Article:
I have no misgivings about, or lack of confidence in the cause in which I am engaged, and my courage does not halt or falter. I know how strongly American Civilization now leans on the triumph of the Government and how great a debt we owe to those who went before us through the blood and sufferings of the Revolution. And I am willing-perfectly willing-to lay down all my joys in this life, to help maintain this Government, and to pay that debt . . .

Sarah my love for you is deathless, it seems to bind me with mighty cables that nothing but Omnipotence could break; and yet my love of Country comes over me like a strong wind and bears me unresistibly on with all these chains to the battle field.

The memories of the blissful moments I have spent with you come creeping over me, and I feel most gratified to God and to you that I have enjoyed them for so long. And hard it is for me to give them up and burn to ashes the hopes of future years, when, God willing, we might still have lived and loved together, and seen our sons grown up to honorable manhood, around us. I have, I know, but few and small claims upon Divine Providence, but something whispers to me-perhaps it is the wafted prayer of my little Edgar, that I shall return to my loved ones unharmed. If I do not my dear Sarah, never forget how much I love you, and when my last breath escapes me on the battle field, it will whisper your name. Forgive my many faults and the many pains I have caused you. How thoughtless and foolish I have often times been! How gladly would I wash out with my tears every little spot upon your happiness . . .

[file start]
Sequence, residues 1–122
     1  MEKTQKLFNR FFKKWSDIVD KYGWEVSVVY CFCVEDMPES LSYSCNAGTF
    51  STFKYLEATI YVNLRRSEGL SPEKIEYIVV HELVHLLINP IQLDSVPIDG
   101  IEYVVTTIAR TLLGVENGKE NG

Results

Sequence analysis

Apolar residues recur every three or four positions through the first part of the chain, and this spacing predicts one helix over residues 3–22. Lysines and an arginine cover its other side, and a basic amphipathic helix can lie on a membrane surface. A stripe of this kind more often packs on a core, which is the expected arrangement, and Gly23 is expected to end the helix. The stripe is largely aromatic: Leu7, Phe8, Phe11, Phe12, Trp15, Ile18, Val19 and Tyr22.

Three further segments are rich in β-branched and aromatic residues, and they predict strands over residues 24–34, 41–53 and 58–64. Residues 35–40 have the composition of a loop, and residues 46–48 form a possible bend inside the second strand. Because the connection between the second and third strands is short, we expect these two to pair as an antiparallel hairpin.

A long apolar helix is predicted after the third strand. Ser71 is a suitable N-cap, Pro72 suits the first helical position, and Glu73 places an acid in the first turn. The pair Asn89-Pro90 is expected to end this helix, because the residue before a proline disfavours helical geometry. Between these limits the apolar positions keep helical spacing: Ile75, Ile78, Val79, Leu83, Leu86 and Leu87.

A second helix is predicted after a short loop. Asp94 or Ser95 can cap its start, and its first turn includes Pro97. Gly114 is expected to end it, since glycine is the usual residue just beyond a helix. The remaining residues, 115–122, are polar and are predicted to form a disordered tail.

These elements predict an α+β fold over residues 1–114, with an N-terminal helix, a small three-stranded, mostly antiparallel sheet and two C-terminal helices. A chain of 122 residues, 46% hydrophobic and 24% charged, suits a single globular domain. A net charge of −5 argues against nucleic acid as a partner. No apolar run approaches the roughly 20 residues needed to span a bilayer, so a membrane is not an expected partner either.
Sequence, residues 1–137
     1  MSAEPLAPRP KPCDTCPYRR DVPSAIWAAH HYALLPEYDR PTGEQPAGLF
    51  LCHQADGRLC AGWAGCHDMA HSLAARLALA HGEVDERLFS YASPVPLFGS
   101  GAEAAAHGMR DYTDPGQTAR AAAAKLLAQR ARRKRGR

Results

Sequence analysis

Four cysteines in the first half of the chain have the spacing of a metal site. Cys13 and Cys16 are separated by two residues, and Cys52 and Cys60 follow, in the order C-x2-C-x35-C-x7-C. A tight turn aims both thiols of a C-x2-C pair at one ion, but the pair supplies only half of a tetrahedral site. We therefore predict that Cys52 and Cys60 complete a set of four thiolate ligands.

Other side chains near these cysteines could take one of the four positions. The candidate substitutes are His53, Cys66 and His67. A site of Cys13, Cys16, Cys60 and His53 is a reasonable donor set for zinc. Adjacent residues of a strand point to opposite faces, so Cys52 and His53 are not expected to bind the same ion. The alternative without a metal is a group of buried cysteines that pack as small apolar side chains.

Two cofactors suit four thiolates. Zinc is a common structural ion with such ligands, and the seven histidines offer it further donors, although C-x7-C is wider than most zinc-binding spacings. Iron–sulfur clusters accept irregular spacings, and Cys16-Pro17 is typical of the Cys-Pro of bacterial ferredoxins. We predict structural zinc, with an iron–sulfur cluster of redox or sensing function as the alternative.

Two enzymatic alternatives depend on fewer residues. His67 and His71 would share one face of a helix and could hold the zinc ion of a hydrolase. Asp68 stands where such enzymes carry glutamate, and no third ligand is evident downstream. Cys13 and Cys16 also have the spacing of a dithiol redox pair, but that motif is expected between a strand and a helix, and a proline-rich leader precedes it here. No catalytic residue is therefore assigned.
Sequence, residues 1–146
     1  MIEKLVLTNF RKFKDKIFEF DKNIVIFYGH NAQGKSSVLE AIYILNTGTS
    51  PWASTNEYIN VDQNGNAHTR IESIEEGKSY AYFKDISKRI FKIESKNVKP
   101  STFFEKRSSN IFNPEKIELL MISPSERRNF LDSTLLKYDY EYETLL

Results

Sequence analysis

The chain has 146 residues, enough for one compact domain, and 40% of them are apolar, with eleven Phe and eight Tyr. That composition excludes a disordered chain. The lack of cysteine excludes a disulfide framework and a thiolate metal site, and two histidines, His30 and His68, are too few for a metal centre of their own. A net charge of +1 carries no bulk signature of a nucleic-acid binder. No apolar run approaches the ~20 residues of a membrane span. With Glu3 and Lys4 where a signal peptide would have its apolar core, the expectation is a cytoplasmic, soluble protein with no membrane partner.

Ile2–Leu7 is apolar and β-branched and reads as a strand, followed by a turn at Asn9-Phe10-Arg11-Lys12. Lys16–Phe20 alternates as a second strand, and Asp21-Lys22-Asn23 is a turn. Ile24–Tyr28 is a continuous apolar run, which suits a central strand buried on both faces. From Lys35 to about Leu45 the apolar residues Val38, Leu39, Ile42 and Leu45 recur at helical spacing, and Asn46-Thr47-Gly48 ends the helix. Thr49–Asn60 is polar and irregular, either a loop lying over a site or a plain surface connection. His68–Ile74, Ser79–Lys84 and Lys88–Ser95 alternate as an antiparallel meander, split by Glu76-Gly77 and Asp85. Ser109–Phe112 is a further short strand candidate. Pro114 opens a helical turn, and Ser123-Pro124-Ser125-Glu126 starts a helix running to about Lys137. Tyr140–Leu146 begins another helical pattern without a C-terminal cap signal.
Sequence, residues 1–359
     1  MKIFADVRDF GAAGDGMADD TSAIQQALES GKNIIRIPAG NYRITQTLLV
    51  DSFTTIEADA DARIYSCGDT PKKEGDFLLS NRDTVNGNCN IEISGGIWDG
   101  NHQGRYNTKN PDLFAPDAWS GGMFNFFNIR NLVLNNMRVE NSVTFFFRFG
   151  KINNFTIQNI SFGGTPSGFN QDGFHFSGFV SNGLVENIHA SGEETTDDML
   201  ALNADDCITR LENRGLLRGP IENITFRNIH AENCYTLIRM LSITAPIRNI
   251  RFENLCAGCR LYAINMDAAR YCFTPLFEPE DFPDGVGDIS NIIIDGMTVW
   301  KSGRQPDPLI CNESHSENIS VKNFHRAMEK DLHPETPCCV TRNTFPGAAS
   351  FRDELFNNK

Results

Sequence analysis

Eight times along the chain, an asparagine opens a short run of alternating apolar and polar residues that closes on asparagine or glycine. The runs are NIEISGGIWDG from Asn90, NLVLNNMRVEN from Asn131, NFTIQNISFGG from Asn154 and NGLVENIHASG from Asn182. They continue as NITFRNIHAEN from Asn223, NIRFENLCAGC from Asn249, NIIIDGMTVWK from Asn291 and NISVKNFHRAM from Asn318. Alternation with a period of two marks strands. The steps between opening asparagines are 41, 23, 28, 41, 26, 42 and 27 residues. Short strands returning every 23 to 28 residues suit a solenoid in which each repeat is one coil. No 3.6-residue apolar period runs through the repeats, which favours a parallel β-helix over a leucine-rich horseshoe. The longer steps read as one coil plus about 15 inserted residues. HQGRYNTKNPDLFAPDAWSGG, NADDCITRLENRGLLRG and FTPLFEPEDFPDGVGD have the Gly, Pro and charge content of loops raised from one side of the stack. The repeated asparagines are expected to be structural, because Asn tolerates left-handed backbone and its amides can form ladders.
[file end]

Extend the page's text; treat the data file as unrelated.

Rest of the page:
But, O Sarah! If the dead can come back to this earth and flit unseen around those they loved, I shall always be near you; in the gladdest days and in the darkest nights . . . always, always, and if there be a soft breeze upon your cheek, it shall be my breath, as the cool air fans your throbbing temple, it shall be my spirit passing by. Sarah do not mourn me dead; think I am gone and wait for thee, for we shall meet again . . .

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The program flows over 11 hours on five discs. In addition to the documentary, the discs are stuffed with background information...maps, documents, biographies and additional interviews. This is a superb production and is worth every penny.
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155 of 158 people found the following review helpful
on April 6, 2011
Format: DVD
I first saw this on PBS and was spellbound by it. It is simply everything you need to know about the American Civil War. If you think history is dry and uninteresting, this film by Ken Burns will change your mind. This is filled with comedy and pathos, courage and cowardice, and a balanced explanation that is fair to both sides of the conflict.